At 2 years, the composite primary endpoint occurred in 8.3% in the EES group and in 8.7% in the SES group (hazard ratio [HR]: 0.94, 95% confidence interval [CI]: 0.73 to 1.22). The patient-related outcome: 15.0% in the EES group versus 15.6% in the SES group, (HR: 0.95, 95% CI: 0.78 to 1.15), and the stent-related outcome: 5.2% in the EES group versus 5.3% in the SES group (HR: 0.97, 95% CI: 0.70 to 1.35) did not differ between groups. Rate of definite stent thrombosis was lower in the EES group (0.2% vs. 0.9%, (HR: 0.23, 95% CI: 0.07 to 0.80).
At 2-year follow-up, the EES was found to be noninferior to the SES with regard to both patient-related and stent-related clinical outcomes.
Atrial fibrillation (AF) renders individual patients at risk for development of an atrial thrombus. The aim of this study was to determine clinical and echocardiographic factors influencing the risk of left atrial thrombosis (LAT) in patients with persistent nonvalvular AF. Genetic variants encoding haemostatic factors have been also assessed for putative association with LAT. In the cross-sectional study, a total of 212 patients (132 males and 80 females) with nonvalvular persistent AF (duration range 48 h-90 days) have been selected. LAT was visualized by transesophageal echocardiography. The FGB G(-455)A, PAI-1 4G/5G, F5 C(-224)T, and F5 R506Q genetic markers were tested using the polymerase chain reaction-restriction fragment length polymorphism (PCR-RFLP) approach. To reveal independent factors contributing to the thromboembolic risk in AF, a multivariate logistic model was applied. LA thrombi were found in 44 out of 212 subjects (21%). LAT was more frequently observed in patients at age >75 years (P 75 years, LVEF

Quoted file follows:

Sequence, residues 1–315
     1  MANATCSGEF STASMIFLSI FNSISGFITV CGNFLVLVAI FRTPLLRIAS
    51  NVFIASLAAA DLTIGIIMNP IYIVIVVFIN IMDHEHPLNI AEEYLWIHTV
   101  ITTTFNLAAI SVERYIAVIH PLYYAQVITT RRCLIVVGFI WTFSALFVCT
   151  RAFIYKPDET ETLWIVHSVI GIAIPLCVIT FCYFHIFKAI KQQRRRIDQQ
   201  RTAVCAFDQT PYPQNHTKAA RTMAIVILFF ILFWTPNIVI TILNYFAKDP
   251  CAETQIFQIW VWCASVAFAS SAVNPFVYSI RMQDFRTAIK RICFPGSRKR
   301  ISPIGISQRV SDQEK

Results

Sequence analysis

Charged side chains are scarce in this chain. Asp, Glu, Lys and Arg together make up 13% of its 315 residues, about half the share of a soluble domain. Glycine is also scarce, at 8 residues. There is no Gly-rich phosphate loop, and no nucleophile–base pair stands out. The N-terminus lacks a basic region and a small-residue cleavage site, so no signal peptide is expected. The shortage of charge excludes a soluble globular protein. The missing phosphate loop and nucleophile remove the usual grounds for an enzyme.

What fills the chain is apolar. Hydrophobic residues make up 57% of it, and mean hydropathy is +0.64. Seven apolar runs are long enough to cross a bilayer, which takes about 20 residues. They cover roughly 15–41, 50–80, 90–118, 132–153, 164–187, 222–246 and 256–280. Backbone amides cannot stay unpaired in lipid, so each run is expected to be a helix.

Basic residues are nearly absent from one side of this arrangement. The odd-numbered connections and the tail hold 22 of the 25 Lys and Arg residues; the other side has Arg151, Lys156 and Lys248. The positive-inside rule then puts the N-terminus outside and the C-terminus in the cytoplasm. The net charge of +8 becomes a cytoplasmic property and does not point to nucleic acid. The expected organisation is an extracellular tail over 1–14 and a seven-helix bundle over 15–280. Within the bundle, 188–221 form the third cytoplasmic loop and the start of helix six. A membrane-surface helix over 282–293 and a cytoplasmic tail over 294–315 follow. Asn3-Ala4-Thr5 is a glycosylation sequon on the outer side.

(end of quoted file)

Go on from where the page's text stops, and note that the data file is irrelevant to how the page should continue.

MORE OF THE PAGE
Trials have reported clinical improvement and reduced need for amputation in critical limb ischemia (CLI) patients receiving therapeutic angiogenesis with stem cells. Our objective was to test peripheral stem cell therapy efficacy and safety to gain experiences for further work.
We included nine CLI patients (mean age 76.7 ±9.7). Stem cells were mobilized to the peripheral blood by administration of G-CSF (Filgrastim) for 4 days, and were collected on day five, when 30 mL of a stem cell suspension was injected into 40 points of the limb. The clinical efficacy was evaluated by assessing pain relief, wound healing and changes in ankle-brachial pressure index (ABI). Local metabolic and inflammatory changes were measured with microdialysis, growth factors and cytokine level determination. Patients were followed for 24 weeks.